Centenary At Tower Bridge

August 18, 2014 3:45pm Published by Jules Smith in The Art Philosopher 24 Comments


The cermic poppies at Tower Bridge, London.“Blood swept lands and seas of red”

Tommy’s dead, he is no more,

The Telegram delivered to the door.

Left with fading memories to store

Of lifeless friends, limp on the floor

In a heap of bloody, pointless gore.

Inhumanity of reckless law;

Push the enemy back some more!

‘Til the reddest rivers bleed and pour,

With the hearts of those in this Great War.


2014-08-15 12.02.36

Ceramic Poppy River At Tower Bridge


888, 746 ceramic poppies.  One for every British and Commonwealth soldier who died in World War One.

Ceramic Poppies at tower Bridge

Since writing this post, The Forces have added my verse to their online poetry site.


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I wish Kipling were alive to read that poem, Jules. I think he would have approved. He might even have written a second verse with some cockney lingo.

I didn’t know about that poppy river – the Bloody Tower is surely the best place for it.

“IF” only he was…he would probably say, “You absent minded beggar!” But thank you, Mr. Gorilla Bananas. 🙂

Yes isn’t it. You should take a gander, it’s rather impressive.

Delicate red flower petals easily broken and lost, as were the lives of those stepping up to volunteer their breaths.

That’s very moving, Goatman…

Volunteer their breaths – what a powerful line.

The numbers can’t compute. The damage done to the families and loved ones can’t be measured or metered.

I agree with G. Bananas – Kipling would have approved of your verse.

No, such a thing can never be measured, Larry. I’ve recently been listening to a woman on the radio who has been looking at the women left behind who became known as Aunties because they never married due to the shortage of men available thereafter. It’s very sad.

Well that’s lovely of you to agree 🙂

Very sobering.

Innit. Makes you stop moaning about your own life…..for a bit. 🙂

That’s a really lovely poem but, boy howdy, I sure wish I could have seen that exhibit. Those big, environmental installations are right up my alley. Delicious.

Thanks. Exile.

Well come on over! It’s only a short 6 hour trip and it’s going to be here all year, I think.

“Only” six hours? Is that all? I wish. It might just as well require a rip in the time/space continuum. And call me Mark, for cryin’ out loud. It’s been long enough.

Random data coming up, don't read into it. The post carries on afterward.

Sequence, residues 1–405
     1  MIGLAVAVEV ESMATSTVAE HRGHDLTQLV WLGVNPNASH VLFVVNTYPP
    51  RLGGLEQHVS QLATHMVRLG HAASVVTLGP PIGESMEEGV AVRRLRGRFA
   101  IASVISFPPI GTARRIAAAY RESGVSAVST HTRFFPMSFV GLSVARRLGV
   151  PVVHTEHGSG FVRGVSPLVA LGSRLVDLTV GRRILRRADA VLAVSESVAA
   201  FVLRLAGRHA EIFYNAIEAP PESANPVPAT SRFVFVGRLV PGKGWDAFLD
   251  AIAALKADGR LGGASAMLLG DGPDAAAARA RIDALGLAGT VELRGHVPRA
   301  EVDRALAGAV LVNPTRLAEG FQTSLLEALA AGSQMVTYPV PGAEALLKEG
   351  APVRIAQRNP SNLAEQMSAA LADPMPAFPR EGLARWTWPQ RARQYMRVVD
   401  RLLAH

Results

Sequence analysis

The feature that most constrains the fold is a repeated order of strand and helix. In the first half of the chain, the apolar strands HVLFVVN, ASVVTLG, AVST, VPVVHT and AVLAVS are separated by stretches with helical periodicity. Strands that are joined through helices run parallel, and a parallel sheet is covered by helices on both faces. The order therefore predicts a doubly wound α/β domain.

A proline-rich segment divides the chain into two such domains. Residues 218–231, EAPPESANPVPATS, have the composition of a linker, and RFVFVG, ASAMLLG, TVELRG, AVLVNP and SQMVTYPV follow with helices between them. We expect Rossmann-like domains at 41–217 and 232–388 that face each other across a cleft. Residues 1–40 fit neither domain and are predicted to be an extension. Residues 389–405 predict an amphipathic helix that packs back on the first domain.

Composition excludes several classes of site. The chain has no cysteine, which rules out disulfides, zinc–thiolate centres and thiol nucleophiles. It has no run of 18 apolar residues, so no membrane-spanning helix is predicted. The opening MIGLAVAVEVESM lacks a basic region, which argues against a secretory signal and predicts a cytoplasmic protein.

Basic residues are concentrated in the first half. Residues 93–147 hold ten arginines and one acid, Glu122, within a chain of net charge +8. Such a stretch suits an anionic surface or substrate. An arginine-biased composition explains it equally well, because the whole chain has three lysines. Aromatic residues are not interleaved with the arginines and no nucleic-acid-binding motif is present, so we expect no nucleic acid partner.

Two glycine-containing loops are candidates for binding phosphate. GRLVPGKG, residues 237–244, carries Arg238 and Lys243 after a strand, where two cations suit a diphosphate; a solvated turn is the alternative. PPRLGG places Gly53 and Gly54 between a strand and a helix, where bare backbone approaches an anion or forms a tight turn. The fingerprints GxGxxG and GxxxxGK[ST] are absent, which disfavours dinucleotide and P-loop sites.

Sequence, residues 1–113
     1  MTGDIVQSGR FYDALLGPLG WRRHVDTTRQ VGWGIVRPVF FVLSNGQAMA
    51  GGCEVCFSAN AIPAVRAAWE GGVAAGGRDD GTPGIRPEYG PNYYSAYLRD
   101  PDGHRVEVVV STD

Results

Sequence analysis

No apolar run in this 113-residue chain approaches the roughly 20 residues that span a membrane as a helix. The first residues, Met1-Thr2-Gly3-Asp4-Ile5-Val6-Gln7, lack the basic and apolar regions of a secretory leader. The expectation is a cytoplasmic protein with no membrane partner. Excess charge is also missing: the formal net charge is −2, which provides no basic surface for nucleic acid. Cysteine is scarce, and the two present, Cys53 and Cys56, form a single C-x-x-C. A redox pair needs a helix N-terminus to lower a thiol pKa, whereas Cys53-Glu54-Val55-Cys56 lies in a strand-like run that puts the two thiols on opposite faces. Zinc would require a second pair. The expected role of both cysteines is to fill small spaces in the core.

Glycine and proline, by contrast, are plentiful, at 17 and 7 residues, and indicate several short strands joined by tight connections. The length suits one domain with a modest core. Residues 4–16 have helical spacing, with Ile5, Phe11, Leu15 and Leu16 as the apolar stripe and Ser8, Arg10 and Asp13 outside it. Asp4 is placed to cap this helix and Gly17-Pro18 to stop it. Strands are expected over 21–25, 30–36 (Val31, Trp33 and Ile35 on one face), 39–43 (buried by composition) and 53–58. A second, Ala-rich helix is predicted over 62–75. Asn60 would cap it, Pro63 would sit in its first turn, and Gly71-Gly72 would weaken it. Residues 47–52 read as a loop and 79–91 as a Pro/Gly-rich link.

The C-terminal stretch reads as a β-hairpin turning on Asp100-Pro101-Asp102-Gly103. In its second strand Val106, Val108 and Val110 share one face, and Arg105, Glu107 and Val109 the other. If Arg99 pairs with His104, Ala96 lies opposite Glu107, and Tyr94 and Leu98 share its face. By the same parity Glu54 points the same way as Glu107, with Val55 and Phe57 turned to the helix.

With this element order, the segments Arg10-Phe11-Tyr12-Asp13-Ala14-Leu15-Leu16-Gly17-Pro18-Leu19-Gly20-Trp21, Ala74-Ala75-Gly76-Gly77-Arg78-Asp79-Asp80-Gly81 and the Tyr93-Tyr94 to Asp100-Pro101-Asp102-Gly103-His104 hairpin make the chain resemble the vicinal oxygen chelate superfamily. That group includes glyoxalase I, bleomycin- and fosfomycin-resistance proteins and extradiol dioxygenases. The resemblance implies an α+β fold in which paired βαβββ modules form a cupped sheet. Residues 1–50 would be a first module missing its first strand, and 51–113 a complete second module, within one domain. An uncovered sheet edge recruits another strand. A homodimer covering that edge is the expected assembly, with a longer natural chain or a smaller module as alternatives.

Yes! From JFK to Heathrow it’s ALWAYS six hours – there’s a good tail wind. So, a couple of films, bit of a snooze and you’re there!

Thanks Mark (honoUred)

Well done Jules. I love the lines about the telegram. Beautiful. Great photos too.

Thank you, Tracy. A lovely compliment from such a fabulous poet 🙂

vital verse, Juli. pointless gore, that especially struck me.

i miss poetry ever since i made the switch.

oh, the red of those poppies is so rich and evocative. red poppies are my favorite flowers……..after forget-me-nots *)

Thank you, sweet Phoenix.

I love poppies. Wild flowers are the best. Poppies for remembering and forget-me-nots for your greatest love *)

Great poem! World War I is possibly the saddest war of the entire 20th century. It didn’t need to happen at all. And it could easily have been avoided. And yet in every nation people cheered when it began, expecting it to be exciting. The entire world changed after that war, and not for the better.

Thanks Steve

I agree, it was a stupid war but then aren’t most of them.

Wow. What a beautiful memorial. There were so many lives lost in the early 1900’s, and so many important battles fought and won. Sometimes I think we’ve forgotten the victories of that day and age.

Isn’t it gorgeous? It is so very dramatic and moving in real life and a great reminder to us all.

That second picture is amazing. It really gets the whole blood pouring thing across.

Yes, it is expertly done. 🙂

That’s impressive, Jules. One for every soldier…

Impressive and very sobering. I think it’s a great thing to do though, keeps us in check; keeps us remembering.

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